The fear gripping those watching around the world increases as, I imagine, the viewers at home turn up the volume on their sets and restaurant patrons demand that a manager unmute the big screens as this new development unfolds before their eyes. With the volume now on, “they heard a loud voice from heaven saying to them [to two witnesses now risen] ‘Come up here,’ Then they went up into heaven in the cloud, and their enemies watched them” (11:12). Their being taken up into heaven is similar to Jesus’ own ascension several week’s following his own resurrection. Conspicuous, powerful, and weighty, this demonstrates the lengths to which God will go to call up those who are faithful to him, even/especially if their lives are required.

As dread continues to overwhelm the recent celebrations of the world following the death of these two witnesses, things become even more precarious for those who commemorated the killing of God’s representatives with a new holiday. John continues, “and in that hour there was a great earthquake, and a tenth of the city fell” (11:13a). There are many earthquakes in Revelation (6:12; 8:5; 11:13, 19; 16:18) that demonstrate the awesome power of God and the acuity of his judgment. Here, the earthquake seems to be localized to Jerusalem proper—the immediate context in which these witnesses ministered, were killed, and were raised. Even in this judgment against the city that killed his representatives, God shows restraint as only a tenth of the city fell.

Though this is a small fraction, John reveals “seven thousand people were killed in the earthquake…” (11:13b). Just imagine all of this playing out on your favorite 24hr news channel. A dramatic execution, live streaming of the rotting corpses, a couple of resurrections, loud voices from heaven, and a large earthquake with many casualties. It is no wonder that the response of many is recorded as follows: “and the rest were terrified and gave glory to the God in heaven” (11:13b). The veracity of the response of the survivors of this earthquake recorded here is dubious, especially since many other earth-dwellers later fail to glorify God (see Rev. 16:9). In fact, this is the only passage in Revelation that even hints at a large-scale conversion of those living in and by the world system before Jesus returns in Revelation 19. Every other text is pessimistic concerning the willingness of those in the world’s system  to repent in the face of divine judgment (see Rev. 9:21) (not the 144,000 or great multitude of Revelation 7). That said, at least here, many survivors of the earthquake give lip service to God and acknowledge his lordship temporarily (see Nebuchadnezzar's claims in Daniel 1-3) (after all, how could they deny it?) (Wilson, Revelation in ZIBBC vol. 4, 316).

So What?

In the two stages of ministry outlined in this passage we witness several things that are important to remember as we await the Lord’s return. First, God’s people will come under attack by those who in the world seek to undermine the testimony of Jesus Christ. John reveals that this will be true of the two witnesses one day in a future tribulation and we know that this is true of many believers in our world today. Second, the fate of God's witnesses is not determined by men, but by the Lord’s sovereign hand. This means that they are invincible until the Father so decides that their ministry is finished. This will be the case for the two witnesses (as nothing harmed them until “they had finished their testimony”) and is the case for those who are on mission for the Lord today. Third, even in death, those who are called of God are granted life. This is seen in the breath of life given to the two witnesses in Revelation and this is also promised to those who are in Christ even now. As Jesus says, “I am the resurrection and the life; he who believes in Me will live even if he dies,” (John 11:25).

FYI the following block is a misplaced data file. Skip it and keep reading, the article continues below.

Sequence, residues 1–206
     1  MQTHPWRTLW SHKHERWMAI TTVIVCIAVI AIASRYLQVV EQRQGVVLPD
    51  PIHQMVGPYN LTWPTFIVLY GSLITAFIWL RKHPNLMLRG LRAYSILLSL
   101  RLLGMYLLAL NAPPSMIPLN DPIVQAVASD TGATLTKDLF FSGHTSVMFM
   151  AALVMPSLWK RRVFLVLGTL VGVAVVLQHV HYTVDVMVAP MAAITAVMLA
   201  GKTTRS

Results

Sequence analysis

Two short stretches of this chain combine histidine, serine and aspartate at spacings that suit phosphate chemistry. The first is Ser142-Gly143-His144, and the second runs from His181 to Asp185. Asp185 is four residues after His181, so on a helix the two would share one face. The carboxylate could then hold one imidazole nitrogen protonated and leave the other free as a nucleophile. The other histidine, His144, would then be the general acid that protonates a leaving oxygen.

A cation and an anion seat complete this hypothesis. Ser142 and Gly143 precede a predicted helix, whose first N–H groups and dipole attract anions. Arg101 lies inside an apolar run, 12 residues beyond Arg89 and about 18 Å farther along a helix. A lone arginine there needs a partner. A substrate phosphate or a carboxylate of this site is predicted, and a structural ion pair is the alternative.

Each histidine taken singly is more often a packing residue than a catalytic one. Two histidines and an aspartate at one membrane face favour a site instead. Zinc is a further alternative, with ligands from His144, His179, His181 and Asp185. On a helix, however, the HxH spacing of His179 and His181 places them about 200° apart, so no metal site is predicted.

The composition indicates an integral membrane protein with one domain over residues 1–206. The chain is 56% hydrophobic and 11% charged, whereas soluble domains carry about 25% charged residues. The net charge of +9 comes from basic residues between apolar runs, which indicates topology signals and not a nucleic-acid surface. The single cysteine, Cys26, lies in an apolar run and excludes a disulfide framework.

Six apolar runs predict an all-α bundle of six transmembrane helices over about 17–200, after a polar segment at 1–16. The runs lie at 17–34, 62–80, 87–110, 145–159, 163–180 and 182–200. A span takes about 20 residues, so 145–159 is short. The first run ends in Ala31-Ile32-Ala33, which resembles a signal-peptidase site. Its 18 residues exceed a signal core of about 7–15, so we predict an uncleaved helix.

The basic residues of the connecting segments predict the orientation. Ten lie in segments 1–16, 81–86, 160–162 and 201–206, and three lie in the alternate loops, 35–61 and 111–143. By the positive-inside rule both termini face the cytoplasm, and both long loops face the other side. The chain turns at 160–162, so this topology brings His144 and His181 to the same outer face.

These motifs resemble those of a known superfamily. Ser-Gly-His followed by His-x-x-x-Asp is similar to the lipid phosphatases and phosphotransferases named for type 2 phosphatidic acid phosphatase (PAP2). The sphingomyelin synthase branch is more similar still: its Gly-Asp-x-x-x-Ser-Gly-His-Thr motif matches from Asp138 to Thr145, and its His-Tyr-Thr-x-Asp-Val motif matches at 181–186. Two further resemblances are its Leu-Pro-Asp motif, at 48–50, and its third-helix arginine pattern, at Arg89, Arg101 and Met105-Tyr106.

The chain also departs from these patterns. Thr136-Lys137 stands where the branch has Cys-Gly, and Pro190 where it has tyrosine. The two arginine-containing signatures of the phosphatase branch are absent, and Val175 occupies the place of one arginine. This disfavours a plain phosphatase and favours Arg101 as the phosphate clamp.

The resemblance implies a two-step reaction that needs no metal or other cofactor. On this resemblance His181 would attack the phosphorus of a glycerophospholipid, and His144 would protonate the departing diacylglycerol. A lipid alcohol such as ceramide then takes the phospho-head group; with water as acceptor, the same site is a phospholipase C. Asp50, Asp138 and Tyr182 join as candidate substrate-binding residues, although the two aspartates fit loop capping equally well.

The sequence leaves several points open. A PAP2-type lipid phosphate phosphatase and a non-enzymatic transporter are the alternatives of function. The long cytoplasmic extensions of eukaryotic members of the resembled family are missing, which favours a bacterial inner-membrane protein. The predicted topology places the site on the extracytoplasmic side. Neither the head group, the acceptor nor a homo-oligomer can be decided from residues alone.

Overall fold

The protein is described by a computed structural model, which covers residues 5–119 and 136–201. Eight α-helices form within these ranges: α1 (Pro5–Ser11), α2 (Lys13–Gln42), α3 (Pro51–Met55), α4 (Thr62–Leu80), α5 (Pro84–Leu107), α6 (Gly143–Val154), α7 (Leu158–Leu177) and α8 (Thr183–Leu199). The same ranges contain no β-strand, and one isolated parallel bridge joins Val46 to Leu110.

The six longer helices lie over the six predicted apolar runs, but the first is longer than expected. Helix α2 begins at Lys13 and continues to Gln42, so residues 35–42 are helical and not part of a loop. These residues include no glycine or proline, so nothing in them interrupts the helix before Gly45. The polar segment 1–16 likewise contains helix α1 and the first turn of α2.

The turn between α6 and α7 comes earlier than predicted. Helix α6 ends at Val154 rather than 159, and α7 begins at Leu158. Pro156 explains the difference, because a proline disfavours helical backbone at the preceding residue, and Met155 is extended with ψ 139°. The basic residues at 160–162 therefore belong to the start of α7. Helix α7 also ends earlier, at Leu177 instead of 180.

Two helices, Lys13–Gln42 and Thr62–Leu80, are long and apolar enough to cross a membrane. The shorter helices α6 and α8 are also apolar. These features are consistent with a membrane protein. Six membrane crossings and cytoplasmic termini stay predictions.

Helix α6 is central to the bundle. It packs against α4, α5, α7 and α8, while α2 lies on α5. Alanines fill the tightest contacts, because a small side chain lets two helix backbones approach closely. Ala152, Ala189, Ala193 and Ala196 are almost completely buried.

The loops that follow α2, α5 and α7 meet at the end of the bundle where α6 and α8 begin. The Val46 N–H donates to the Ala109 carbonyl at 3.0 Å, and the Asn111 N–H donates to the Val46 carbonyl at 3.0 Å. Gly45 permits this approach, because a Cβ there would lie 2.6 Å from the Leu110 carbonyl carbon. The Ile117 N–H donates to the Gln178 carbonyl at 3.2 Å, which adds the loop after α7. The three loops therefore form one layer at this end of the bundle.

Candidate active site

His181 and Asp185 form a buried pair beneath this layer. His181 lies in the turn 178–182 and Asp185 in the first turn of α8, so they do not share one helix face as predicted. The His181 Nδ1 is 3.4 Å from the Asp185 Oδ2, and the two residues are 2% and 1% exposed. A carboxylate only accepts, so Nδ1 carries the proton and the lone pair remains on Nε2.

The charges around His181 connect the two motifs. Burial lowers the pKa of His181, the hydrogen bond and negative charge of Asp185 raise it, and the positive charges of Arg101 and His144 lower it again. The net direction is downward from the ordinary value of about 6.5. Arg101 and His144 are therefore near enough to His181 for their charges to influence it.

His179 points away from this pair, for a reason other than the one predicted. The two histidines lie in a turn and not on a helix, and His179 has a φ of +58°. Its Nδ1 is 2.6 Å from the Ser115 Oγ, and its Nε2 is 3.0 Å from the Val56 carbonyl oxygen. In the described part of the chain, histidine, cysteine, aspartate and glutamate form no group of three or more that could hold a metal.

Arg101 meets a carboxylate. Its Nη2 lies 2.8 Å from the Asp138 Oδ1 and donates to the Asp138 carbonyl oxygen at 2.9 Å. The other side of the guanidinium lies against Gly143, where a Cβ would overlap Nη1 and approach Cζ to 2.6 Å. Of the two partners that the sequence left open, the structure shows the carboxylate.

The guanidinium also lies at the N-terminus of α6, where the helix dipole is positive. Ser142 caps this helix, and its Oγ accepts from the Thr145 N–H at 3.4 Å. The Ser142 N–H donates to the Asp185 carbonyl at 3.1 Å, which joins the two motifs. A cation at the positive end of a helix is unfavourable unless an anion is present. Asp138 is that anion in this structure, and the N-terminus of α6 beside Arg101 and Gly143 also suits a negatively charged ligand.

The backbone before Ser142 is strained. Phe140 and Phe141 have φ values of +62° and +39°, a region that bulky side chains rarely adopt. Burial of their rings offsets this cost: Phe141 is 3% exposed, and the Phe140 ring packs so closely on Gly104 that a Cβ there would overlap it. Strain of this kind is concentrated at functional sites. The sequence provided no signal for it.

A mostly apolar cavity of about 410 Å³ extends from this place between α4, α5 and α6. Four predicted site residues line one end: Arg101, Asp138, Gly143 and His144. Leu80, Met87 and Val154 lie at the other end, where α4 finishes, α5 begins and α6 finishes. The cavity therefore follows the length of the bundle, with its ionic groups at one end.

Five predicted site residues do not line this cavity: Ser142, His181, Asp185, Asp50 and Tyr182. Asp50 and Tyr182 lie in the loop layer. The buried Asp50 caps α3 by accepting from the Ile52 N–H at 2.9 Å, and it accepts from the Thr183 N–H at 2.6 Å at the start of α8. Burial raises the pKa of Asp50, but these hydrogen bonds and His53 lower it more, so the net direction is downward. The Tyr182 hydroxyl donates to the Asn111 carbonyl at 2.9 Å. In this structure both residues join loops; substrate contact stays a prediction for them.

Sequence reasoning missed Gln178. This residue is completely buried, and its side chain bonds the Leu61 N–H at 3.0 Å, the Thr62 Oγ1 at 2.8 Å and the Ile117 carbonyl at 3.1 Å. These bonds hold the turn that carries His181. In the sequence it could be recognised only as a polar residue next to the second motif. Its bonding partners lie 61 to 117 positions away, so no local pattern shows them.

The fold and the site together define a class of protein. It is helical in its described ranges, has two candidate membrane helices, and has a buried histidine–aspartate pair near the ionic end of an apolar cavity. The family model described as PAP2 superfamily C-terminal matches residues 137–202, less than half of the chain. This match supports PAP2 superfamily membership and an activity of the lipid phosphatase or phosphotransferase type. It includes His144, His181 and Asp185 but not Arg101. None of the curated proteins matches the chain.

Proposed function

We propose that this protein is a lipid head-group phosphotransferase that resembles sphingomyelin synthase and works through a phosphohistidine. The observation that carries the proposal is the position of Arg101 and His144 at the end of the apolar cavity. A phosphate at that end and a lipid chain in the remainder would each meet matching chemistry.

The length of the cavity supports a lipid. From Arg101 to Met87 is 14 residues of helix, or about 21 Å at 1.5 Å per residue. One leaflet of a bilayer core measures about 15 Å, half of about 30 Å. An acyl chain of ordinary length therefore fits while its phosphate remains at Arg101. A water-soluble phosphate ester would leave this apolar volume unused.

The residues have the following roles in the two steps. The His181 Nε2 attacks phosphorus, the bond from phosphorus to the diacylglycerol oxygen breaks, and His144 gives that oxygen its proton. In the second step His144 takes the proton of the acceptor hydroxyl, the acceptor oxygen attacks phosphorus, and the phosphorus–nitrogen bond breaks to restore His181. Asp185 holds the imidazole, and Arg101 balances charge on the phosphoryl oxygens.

The anticipated example of the two witnesses revealed in the book of Revelation acts as an inspiring model for believers everywhere to follow. However, their example is only inspiring insofar as it parallels the greatest example of all—Jesus Christ. Even he faced pressure while doing the Lord’s work, paid the ultimate price for his mission, and was raised to life in victory thereafter. If this was the destiny of our Lord and Savior and we are his followers, why should we expect anything different?  As Jesus says elsewhere “If the world hates you, you know that it has hated Me before it hated you. If you were of the world, the world would love its own; but because you are not of the world, but I chose you out of the world, because of this the world hates you. Remember the word that I said to you, ‘A slave is not greater than his master.’ If they persecuted Me, they will also persecute you; if they kept My word, they will keep yours also.” (John 15:18ff). However, this same Jesus who provides a realistic description of what we can expect says this: “These things I have spoken to you, so that in Me you may have peace. In the world you have tribulation, but take courage; I have overcome the world.” (John 16:33). Jesus overcame the world in his resurrection from the dead and promises that same resurrection life to anyone who repents of their former ways and follows him in faith.

Monday, April 15, 2019

The Return of the King-John 20:11-18

Last week we took a look at a dark episode in the unfolding saga of Easter—The Fellowship of the Cross—and learned how all ought to respond to their very real problem of sin and death. The repentant thief on the cross illustrated how brokenness and faith before the Lord is met with God’s grace leading to life. However, how this is the case has yet to be revealed. Thankfully, the story didn’t end on Golgotha, but three days later that first Easter morning.